How important is a novel’s ending? Just as important as the “hook” at the beginning.
Once a month I write about the first line in a different novel. I must admit that I have worked harder on, done more “how to” reading about, and lost more sleep over the opening scene in my manuscript for The Spanish Coin than I have for the ending.
A good beginning “hooks” the reader’s attention and draws him into the story. A good ending leaves the reader satisfied and, hopefully, exhausted. A good ending makes the reader contact the author and ask, “You are writing a sequel, aren’t you?” The ending of a novel should either tie up all the loose ends for your main characters or cause the reader to wonder what happened to those characters later. Did they find justice, acceptance, love, or whatever they were seeking? The reader should still think about those characters weeks after reading the book. How many of us thought about Scout in To Kill a Mockingbird years later and wondered how her life turned out? Like it or not, we got our answer in 2015 when the long lost Go Set a Watchman manuscript by Harper Lee was discovered and published.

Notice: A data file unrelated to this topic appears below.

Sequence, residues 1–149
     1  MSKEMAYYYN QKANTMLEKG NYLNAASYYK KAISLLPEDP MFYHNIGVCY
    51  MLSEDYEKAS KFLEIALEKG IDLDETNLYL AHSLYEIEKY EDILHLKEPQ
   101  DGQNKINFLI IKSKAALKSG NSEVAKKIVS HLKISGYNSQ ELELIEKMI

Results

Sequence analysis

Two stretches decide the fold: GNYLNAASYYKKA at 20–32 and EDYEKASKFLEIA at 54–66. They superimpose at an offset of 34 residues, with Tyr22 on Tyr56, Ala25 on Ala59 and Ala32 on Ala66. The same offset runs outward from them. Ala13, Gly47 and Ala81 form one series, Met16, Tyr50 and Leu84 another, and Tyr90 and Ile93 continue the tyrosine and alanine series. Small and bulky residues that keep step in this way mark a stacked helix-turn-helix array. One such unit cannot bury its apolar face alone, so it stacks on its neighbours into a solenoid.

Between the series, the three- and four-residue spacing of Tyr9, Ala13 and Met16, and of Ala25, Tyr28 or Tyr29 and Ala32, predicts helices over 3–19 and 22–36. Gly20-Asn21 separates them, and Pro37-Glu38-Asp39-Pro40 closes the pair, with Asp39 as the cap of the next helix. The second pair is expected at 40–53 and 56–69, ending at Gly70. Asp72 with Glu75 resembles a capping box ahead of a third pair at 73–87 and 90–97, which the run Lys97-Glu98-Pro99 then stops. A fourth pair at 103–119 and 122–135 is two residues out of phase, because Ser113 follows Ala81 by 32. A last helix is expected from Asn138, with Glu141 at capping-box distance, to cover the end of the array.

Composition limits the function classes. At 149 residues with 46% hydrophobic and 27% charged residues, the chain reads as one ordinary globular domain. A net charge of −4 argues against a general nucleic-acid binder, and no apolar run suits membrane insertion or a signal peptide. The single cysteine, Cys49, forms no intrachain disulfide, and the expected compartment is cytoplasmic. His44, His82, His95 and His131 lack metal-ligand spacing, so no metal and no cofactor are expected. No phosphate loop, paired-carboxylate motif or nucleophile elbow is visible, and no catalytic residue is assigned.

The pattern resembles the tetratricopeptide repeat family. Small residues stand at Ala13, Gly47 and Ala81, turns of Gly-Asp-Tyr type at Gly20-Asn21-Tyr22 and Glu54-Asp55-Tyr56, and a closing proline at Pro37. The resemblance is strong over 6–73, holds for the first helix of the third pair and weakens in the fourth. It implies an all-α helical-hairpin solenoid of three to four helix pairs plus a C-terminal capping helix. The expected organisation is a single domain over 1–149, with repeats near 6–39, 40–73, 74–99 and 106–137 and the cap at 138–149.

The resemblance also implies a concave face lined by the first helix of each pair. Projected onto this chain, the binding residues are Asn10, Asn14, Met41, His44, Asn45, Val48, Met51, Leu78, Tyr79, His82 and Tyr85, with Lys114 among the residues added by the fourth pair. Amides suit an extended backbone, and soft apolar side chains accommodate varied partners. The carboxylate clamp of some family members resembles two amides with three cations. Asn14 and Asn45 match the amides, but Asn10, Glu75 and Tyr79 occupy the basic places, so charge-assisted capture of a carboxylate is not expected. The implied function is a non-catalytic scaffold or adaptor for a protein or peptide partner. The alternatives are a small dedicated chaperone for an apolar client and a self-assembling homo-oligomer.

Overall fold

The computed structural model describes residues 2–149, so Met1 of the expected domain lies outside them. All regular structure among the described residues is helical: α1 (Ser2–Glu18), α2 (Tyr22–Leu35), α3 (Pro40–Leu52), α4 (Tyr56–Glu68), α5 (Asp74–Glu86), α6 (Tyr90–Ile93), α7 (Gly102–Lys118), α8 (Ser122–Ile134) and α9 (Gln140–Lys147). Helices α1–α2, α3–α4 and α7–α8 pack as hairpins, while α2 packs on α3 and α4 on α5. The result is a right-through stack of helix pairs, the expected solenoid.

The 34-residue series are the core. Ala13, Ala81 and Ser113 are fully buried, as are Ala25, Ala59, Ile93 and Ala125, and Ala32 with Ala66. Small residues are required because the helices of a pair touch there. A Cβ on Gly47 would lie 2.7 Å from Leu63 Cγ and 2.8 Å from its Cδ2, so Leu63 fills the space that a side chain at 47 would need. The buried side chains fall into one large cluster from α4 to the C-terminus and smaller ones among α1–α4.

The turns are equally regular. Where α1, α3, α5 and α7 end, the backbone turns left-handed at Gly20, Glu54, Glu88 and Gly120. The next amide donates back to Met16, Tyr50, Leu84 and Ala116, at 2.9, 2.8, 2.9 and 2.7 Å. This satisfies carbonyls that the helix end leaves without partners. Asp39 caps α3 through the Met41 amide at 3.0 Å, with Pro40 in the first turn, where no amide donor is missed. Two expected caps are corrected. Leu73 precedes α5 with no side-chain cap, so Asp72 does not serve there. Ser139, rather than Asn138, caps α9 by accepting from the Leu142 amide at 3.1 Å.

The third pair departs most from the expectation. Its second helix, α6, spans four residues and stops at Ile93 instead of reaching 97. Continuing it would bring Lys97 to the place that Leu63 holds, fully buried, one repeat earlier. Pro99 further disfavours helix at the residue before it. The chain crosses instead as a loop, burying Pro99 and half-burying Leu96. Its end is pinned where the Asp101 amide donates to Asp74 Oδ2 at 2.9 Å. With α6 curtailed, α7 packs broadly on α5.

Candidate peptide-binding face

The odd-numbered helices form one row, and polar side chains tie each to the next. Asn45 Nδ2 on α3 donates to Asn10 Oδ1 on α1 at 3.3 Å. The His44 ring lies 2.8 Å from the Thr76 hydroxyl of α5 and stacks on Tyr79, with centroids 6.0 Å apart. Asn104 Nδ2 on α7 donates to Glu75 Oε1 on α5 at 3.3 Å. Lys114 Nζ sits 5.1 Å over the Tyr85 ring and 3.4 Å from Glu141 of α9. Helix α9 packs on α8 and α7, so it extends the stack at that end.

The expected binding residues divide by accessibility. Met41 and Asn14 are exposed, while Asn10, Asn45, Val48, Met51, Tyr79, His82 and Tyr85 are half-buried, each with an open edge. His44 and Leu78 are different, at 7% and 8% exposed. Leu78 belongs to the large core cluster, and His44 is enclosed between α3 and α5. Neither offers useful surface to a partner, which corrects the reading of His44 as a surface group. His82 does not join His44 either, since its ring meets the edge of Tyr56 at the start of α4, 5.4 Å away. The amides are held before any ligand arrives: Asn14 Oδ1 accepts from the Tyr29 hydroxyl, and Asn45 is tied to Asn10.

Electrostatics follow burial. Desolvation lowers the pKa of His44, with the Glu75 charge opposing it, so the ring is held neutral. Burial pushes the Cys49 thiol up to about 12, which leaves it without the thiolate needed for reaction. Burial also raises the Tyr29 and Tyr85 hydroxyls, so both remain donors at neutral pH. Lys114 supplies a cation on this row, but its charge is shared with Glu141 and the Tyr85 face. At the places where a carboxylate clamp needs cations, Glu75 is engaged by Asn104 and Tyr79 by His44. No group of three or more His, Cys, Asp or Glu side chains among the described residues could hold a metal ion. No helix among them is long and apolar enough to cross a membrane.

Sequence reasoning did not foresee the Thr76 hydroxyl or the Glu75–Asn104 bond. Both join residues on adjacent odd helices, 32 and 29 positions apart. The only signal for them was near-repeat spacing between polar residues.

As with the writing of the other parts of a piece of fiction, there are rules to guide an author in crafting the ending.
- Don’t introduce new characters
- Do increase the suspense
- Do surprise the reader, but do it in a way in which he can think back to foreshadowing earlier in the book
- Know the ending before you write the beginning
The rule I listed last is one I need to keep in mind when I write my next book. I did not know about that rule when I started writing The Spanish Coin. I didn’t have a clue how that story was going to end. In fact, it made me exceedingly sad to see how the story unfolded. I had become quite fond of the character who turned out to be the villain.
Until my next blog post, I hope you have a good book to read and, if you’re a writer, I hope you have productive writing time.